Saturday, May 18, 2013

Nancy Wake, or ‘The White Mouse’
Wake was born in New Zealand, and grew up in Sydney, Australia, ran away from home to train as a nurse, then went to New York with only 200 Pounds and became a Journalist. She then moved to London, and into France in the 1930s, working for newspapers as a correspondent. When France fell to the Nazis in 1940, she became a courier for the French Resistance, where she developed her nickname ‘the White Mouse’, as she consistently eluded capture. In 1943, Wake was the most wanted person by the Gestapo, who imposed a 5 million-franc price on her head.

She served as a British agent during the later part of World War II, becoming a key figure in the ‘Maquis’ resistance groups, and was one of the Allies’ most decorated servicewomen of the war. Wake described her tactics: "A little powder and a little drink on the way, and I’d pass their (German) posts and wink and say, ‘Do you want to search me?’ God, what a flirtatious little bastard I was."

After escaping France via Spain and reaching Britain, Wake joined the Special Operations Executive. Vera Atkins, who also worked in the SOE, recalls her as "a real Australian bombshell. Tremendous vitality, flashing eyes. Everything she did, she did well." Training reports record that she was “a very good and fast shot” and possessed excellent fieldcraft. She was noted to "put the men to shame by her cheerful spirit and strength of character."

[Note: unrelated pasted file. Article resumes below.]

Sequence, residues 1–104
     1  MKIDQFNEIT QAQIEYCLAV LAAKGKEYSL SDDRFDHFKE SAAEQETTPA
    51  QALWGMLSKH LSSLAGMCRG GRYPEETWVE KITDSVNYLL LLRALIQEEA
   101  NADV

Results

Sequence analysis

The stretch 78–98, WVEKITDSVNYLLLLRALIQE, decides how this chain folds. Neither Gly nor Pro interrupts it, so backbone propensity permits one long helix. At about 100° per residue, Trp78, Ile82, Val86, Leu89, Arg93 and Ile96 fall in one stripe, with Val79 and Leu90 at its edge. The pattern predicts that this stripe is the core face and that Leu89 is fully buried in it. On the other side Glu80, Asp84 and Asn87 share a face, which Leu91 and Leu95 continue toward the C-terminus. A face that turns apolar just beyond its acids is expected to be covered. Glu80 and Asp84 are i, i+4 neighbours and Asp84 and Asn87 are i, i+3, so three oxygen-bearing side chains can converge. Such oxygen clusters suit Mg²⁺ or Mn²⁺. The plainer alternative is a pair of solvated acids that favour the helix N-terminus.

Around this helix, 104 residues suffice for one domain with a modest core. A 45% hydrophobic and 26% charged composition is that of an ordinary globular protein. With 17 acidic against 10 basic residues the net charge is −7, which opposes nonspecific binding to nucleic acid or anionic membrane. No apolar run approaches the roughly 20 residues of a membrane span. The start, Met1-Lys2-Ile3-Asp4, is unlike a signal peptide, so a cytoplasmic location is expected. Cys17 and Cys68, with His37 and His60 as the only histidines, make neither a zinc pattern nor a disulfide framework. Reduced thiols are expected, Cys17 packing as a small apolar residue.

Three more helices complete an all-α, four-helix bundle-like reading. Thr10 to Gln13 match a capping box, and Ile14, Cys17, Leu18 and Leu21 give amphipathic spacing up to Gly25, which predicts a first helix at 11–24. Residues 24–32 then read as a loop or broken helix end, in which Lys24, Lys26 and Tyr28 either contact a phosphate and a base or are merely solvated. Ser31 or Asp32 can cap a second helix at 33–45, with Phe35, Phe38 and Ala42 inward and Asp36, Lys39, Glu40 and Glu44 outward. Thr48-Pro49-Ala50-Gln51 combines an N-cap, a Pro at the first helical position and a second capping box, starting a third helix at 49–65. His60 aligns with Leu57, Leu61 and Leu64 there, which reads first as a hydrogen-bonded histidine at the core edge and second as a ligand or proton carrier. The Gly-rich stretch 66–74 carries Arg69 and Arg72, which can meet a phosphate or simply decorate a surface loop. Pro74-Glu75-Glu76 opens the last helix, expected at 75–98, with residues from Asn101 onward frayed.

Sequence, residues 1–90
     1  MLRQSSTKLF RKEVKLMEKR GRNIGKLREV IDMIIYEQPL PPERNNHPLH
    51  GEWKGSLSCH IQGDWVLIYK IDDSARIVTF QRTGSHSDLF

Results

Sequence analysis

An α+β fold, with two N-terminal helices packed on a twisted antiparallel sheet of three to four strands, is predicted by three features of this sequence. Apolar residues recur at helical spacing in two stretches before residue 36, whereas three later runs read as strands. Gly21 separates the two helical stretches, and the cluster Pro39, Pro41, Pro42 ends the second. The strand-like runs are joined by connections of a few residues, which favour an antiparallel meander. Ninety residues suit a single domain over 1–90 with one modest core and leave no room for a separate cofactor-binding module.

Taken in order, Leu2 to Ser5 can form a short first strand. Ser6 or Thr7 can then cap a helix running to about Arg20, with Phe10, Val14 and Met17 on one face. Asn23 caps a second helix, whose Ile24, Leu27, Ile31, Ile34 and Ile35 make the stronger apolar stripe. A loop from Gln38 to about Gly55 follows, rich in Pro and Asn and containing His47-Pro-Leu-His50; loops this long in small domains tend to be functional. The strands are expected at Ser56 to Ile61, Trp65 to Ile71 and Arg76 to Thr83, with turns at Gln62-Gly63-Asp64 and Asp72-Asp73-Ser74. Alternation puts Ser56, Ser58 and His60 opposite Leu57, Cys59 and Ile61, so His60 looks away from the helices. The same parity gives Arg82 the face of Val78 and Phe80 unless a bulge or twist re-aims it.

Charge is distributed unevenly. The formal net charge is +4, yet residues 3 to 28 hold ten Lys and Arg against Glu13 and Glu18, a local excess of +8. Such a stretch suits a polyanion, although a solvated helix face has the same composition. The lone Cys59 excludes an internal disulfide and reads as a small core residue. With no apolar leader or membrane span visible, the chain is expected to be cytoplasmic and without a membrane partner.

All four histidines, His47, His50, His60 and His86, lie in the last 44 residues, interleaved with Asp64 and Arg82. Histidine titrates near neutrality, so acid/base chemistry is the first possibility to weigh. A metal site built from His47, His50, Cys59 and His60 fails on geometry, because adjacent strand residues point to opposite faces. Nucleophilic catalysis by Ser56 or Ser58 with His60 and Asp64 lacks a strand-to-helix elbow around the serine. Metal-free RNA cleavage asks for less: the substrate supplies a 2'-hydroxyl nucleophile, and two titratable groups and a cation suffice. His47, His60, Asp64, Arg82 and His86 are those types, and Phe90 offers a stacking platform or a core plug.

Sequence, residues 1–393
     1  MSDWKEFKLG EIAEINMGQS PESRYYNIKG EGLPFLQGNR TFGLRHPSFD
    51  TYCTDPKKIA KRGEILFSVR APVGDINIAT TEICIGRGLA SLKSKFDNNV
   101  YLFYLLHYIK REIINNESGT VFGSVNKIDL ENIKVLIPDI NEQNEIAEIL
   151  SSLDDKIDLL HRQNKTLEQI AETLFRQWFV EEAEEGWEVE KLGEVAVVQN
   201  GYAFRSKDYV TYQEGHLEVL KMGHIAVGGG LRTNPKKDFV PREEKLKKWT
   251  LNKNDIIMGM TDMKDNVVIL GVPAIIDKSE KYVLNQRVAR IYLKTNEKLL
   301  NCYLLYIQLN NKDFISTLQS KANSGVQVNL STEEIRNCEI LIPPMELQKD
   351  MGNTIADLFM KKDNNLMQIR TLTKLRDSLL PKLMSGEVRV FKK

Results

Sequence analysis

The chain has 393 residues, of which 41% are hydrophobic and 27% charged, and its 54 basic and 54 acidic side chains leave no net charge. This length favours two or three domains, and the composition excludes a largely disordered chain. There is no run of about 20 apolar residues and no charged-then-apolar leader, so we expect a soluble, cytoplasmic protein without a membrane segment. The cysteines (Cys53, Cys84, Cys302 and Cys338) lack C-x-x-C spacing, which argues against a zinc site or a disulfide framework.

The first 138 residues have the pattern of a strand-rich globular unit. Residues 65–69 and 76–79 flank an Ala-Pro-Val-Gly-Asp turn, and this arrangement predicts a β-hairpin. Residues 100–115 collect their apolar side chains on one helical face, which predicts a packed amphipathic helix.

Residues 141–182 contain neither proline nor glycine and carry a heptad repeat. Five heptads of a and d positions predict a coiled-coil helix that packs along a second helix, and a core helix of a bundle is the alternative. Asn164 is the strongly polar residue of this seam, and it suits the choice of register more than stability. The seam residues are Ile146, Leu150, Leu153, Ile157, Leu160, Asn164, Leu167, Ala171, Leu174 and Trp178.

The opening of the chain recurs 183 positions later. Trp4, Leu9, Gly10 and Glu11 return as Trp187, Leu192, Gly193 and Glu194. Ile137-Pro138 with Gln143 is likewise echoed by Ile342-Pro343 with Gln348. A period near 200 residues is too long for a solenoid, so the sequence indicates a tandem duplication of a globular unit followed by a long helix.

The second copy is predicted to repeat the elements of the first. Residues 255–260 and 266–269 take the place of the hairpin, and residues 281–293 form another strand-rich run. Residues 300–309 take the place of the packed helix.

On the night of 29–30 April 1944, Wake was parachuted into the Auvergne, serving to form a liaison between London, and the local maquis group headed by Captain Henri Tardivat in the Forest of Tronçais. Upon discovering her tangled in a tree, Captain Tardivat greeted her remarking, “I hope that all the trees in France bear such beautiful fruit this year,” to which she replied, "Don’t give me that French shit.” Her French companions, especially Henri Tardivat, praised her fighting spirit, amply demonstrated when she killed an SS sentry with her bare hands to prevent him from raising the alarm during a raid.

From April 1944 until the liberation of France, her 7,000+ maquisards fought 22,000 SS soldiers, causing 1,400 casualties, while taking only 100 themselves.

Notes

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